We Love This Tree More Every Year
This week’s Plant of the Week is going to come in a series of little facts. I figured it was the best way to tell my story.
• Ginkgo biloba, also known as “maidenhair tree” because its leaves resemble those of maidenhair ferns.
• The highly respected Missouri Botanical Gardens says about it, “It is the only surviving member of a group of ancient plants believed to have inhabited the earth up to 150 million years ago.”
• It has the odd distinction of being a broadleafed plant (leaves are not needles) that is also deciduous, yet it bears its fruit in cones. In that respect, it’s a missing link between gymnosperms (conifers) and angiosperms (broadleafed plants with generally showy flowers and fleshy fruit).
• Its V-shaped branching is instantly recognizable, particularly in winter when all the limbs are exposed.
• Its leaves, if you allow yourself to imagine things (like images in clouds and the Man in the Moon) look like pine needles that have been fused together in a flat plane.
• In 1963, when young Neil Sperry was wandering the streets of College Station and Texas A&M University, there may not have been one ginkgo tree in the county. The first one I saw was in a plant materials class at A&M – a 5-gallon pot shipped in from California.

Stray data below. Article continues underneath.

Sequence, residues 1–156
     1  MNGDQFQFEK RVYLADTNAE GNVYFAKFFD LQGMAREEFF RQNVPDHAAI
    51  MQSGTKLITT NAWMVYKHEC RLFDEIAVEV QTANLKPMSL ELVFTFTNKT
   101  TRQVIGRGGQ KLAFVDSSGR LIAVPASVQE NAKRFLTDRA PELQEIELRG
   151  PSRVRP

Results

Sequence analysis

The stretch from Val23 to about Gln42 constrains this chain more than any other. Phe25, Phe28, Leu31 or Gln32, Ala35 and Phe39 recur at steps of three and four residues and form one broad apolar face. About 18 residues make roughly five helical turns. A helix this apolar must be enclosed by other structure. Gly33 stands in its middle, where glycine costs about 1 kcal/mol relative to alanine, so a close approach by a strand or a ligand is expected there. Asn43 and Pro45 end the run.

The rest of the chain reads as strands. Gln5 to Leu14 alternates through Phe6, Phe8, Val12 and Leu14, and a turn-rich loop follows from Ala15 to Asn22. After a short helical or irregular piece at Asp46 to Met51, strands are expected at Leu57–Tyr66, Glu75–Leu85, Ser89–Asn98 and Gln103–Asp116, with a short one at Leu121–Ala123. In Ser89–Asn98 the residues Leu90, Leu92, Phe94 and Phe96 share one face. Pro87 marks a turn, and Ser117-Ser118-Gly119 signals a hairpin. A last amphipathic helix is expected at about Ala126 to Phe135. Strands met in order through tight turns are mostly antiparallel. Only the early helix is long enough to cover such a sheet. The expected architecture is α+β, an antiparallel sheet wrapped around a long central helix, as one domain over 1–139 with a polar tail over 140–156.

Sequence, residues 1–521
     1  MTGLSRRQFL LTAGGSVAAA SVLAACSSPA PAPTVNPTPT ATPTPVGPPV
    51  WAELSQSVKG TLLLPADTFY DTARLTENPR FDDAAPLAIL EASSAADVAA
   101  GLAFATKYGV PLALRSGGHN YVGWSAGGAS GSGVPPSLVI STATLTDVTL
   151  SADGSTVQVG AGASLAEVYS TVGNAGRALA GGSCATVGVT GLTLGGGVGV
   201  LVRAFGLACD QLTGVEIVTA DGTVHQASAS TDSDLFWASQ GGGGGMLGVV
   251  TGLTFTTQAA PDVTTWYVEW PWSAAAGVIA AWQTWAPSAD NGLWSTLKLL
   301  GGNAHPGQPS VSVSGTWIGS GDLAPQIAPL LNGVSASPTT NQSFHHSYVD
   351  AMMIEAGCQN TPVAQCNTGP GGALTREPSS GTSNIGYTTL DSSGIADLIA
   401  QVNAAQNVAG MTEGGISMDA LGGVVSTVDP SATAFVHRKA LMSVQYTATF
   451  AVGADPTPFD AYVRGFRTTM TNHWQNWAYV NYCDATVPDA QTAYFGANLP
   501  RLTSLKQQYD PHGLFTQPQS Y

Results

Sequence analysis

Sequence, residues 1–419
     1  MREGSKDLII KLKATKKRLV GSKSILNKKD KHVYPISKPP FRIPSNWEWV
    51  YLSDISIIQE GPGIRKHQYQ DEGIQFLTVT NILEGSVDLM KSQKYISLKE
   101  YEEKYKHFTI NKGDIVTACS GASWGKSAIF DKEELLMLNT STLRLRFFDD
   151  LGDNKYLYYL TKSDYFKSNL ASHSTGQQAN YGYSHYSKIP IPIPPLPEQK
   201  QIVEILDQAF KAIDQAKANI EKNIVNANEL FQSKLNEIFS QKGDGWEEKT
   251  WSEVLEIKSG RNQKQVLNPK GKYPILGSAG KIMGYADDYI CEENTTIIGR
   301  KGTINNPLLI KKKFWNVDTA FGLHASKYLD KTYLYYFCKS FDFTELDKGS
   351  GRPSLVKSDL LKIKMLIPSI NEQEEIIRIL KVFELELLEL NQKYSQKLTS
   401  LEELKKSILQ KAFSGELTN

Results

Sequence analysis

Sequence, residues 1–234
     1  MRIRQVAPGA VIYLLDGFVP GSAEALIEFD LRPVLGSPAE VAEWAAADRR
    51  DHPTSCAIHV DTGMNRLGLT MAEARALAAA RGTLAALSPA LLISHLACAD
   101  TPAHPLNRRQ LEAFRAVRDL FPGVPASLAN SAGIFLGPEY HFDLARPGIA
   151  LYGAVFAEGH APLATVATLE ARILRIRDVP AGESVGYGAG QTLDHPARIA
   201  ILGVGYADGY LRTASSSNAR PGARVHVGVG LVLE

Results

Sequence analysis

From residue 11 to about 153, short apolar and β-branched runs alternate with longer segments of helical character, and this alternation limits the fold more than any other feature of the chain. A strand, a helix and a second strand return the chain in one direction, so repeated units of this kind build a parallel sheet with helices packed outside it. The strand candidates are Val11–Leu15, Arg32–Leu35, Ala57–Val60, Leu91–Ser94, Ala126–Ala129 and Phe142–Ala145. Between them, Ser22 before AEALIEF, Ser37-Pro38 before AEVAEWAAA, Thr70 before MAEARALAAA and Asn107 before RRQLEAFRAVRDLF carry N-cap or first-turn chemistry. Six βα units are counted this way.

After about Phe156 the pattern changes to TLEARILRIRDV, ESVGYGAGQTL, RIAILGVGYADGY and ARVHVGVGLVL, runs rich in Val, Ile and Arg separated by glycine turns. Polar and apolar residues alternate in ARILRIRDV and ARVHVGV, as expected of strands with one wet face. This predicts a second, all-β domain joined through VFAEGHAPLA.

Pardon the momentary side journey…
• In 1964, newly transferred from my hometown in College Station to Ohio State as a junior, I was seeing 60-foot ginkgo specimens on the campus when I walked across The Oval to my first class in Horticulture and Forestry right there on Neil Avenue.
And now, back to the ginkgoes…
• I’ve loved ginkgoes ever since. They’re great trees for Texas at all seasons. But there are 5 facts you must know:
1. Buy a male, grafted tree so you can avoid the female trees with the horribly smelling fruit. ‘Autumn Gold’ is the most common type and the one we have in three places in our rural landscape.
2. Don’t plan on fast growth. People talk about oaks as being “slow-growing.” That’s not the case. They’ll grow two-thirds as fast as the trash trees. But won’t happen with ginkgoes in Texas. They’re more of the speed of the other cone-bearing, broadleafed, missing-link trees, the magnolias. I refer to both of these trees as “30 m.p.h. growers.”
3. For that reason, count on ginkgoes as a second or third tree in your landscape. Our three have done well as understory trees, in partially shaded locations similar to where I’d be using redbuds and dogwoods.
4. I don’t know this for fact (because there aren’t enough of them planted for me to make good observations), but I’m guessing ginkgoes would be best suited to the eastern half of the state.
5. I’ve never seen even the first insect or disease bother any of our three ginkgoes. Pest free and ready to work for you!
No tree that you plant will bring you any more dependable fall color – always rich, buttery yellow. Without fail. Every year right about now. You just gotta love ginkgoes!